Not so very long ago a car loan was usually taken out for two years and a mortgage for 20 years. OK, it was in the 1960s, but, honest, for some of us that was just yesterday.

Then car loans went to three years, to four, then to five and mortgages to a standard of 25 years for a very short time in the 1970s and have been at 30 years at least since the early 1980s.


These changes in amortization periods came about as both the price of new cars and homes and the interest rates increased. My memory may be off, but I think that the 30 year mortgage came into being around the time that interest rates were cresting in the high teens and the real estate market was at an absolute standstill. At that time the 40 year option also became available, and indeed is still available from some lenders. But once interest rates backed off of those historic highs, 40 years lost what little popularity they may have had. So few are written today, the Mortgage Bankers' Association does not even track them.

Obviously, spreading out payments over a longer period of time will make a loan, whether for a car or a house, more affordable to the consumer. Longer term loans also smooth out a bank or finance company's income stream. Even though most consumers don't drive the same car or live in the same house for seven years or 30 years, some do and the longer term loans (and outstanding balances that might have been paid off with two year auto loans or 20 year mortgages) may discourage consumers from a quick investment in new wheels or new bricks. Marketing and associated costs will also be much lower if the average customer stays with his loan for a longer period of time.

When interest rates started their steep decline in the early 1990s (from what were already reasonable rates, in the single to very low double digits), the length of both car and home loans stabilized and there has been, until now, little movement from what has become the five year and 30 year standard.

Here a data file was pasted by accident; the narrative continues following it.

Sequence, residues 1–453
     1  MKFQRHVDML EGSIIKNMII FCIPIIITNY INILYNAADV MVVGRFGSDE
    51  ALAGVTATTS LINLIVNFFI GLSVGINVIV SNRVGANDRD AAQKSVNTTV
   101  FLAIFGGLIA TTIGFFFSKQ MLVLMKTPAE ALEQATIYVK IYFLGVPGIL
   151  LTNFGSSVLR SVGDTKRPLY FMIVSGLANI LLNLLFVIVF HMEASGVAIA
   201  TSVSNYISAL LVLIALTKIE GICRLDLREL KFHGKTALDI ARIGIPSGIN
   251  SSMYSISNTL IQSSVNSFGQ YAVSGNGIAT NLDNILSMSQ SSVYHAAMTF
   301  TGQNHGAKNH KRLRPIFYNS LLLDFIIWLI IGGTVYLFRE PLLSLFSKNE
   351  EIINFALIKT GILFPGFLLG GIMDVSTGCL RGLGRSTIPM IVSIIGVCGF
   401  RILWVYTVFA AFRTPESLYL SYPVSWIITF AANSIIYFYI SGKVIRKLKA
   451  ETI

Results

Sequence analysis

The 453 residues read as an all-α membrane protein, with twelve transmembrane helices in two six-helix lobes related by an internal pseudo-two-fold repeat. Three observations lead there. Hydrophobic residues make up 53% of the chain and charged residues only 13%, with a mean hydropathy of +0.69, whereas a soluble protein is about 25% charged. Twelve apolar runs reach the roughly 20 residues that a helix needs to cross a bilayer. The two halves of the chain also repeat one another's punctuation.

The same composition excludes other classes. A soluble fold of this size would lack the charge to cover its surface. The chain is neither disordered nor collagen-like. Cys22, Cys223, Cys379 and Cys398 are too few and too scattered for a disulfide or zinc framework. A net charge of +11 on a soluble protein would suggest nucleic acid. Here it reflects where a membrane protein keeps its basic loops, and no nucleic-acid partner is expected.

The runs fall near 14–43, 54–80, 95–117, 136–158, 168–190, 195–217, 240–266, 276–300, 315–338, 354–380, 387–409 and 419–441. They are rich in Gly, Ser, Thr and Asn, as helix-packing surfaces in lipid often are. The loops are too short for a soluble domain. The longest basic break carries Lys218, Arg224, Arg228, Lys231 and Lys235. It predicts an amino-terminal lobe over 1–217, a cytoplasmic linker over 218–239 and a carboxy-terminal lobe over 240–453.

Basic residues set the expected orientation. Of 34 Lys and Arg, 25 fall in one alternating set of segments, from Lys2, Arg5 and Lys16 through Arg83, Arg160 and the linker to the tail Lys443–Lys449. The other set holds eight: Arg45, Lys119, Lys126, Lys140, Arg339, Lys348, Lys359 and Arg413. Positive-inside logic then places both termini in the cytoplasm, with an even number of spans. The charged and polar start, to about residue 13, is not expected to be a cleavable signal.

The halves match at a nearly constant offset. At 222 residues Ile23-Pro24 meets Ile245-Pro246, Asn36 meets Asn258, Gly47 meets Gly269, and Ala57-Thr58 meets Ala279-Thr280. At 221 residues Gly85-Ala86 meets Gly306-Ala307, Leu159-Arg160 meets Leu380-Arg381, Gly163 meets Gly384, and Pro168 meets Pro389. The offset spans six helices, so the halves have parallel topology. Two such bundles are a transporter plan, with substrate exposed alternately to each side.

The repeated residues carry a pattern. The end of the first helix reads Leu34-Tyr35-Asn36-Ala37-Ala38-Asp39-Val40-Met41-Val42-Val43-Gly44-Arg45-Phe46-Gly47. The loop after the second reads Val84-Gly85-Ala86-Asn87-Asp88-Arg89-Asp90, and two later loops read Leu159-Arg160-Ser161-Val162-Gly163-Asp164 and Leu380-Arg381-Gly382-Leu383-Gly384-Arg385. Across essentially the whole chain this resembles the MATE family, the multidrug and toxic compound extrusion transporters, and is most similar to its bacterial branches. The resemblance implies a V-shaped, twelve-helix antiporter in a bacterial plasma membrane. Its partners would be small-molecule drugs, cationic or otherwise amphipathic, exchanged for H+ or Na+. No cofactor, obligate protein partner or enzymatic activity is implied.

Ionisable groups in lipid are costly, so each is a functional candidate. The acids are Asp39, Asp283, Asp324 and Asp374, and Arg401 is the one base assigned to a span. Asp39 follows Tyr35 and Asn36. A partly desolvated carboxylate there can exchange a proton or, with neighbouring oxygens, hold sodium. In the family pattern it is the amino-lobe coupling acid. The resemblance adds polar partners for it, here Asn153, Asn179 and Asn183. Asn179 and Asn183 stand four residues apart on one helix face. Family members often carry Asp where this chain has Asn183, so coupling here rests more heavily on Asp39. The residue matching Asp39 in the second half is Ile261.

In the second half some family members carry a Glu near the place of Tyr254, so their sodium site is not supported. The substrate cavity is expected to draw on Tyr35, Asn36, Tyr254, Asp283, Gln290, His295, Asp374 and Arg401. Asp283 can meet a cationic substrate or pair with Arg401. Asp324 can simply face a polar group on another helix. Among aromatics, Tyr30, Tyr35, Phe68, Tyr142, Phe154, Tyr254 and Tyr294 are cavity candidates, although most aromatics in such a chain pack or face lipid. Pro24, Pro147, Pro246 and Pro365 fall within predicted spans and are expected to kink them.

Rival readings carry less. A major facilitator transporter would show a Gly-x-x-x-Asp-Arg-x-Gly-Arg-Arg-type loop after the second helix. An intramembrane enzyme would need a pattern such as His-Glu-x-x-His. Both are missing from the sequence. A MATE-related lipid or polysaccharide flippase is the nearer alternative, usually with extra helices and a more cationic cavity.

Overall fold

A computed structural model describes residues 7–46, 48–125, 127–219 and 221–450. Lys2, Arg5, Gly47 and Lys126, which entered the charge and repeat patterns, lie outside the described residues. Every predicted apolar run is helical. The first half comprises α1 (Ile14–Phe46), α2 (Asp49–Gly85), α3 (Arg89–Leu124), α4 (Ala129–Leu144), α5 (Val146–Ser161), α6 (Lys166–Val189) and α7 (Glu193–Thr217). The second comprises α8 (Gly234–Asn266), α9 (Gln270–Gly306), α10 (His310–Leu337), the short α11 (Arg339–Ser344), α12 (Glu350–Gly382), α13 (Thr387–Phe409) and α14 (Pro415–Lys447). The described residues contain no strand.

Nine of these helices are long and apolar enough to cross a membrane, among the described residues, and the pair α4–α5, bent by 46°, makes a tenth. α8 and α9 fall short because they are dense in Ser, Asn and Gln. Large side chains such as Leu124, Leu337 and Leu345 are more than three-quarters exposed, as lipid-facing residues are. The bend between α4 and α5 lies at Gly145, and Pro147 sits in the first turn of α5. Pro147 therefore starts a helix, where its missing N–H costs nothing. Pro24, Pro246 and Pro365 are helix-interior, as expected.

But recently car loans have been advertised with seven year amortizations (how else can the average person afford a $35,000 price tag). And here comes the 40 year mortgage, again.

Fannie Mae is now running a pilot program with 21 credit unions across the country to test-market 40 year loans. Credit unions typically serve a lower to middle income cliental, the population most likely to be receptive to such products.

While spreading out payments over a longer period of time means a lower monthly payment, it also slows the rate at which equity builds and substantially increases the total interest paid by a borrower over the life of the loan. Anyone who has received that jolt of sticker shock when the closing attorney read the figures of the HUD Trust in Lending statement and learned that their 140,000 house was going to cost them $300,000 in interest over thirty years is advised to meditate upon a 40 year term. Depending upon the size of the loan, it could add yet another $100,000 to that figure.

Then too, the interest rate itself may make the 40 year less of a bargain. The 15-year mortgage is now at 5.19 percent while the 30 year is 5.74 percent. It is fair to assume that lenders will price the 40 year mortgage at an additional premium. Assuming the same differential applies, the 40-year would probably cost 6.29 percent at a minimum.

Fannie Mae has no figures on the popularity of the new product, and admits that its timing was not good. The initiative was first unrolled in late summer when interest rates were on a steep but short-lived climb. The corporation speculates that the loan may appeal to the buyer who can't quite qualify for the home he wants under a 30 year scenario. Since most buyers do not stay in their original mortgage, either because they sell the home or refinance the loan, for more than five to seven years, a Fannie Mae spokesman said that the loan will help buyers get into a home today and then they can refinance as their circumstances change and allow them to qualify for a higher loan limit. The problem will be if interest rates rise substantially or house prices decline. This would leave the borrower locked into the long term loan.

Whether the 40 year pilot will be successful enough for Fannie to expand it to other lending institutions remains to be seen, but it has been widely panned by financial writers. Broderick Perkins, writing in Realty Times, lays out a hypothetical financial analysis of the plan, showing a 40 year loan saves little on a monthly basis and that a 3/1 ARM makes much more sense for the borrower who is stretching to afford a home.

And CBS Market Watch goes so far as to call the 40 year product their 'Stupid Investment of the Week.'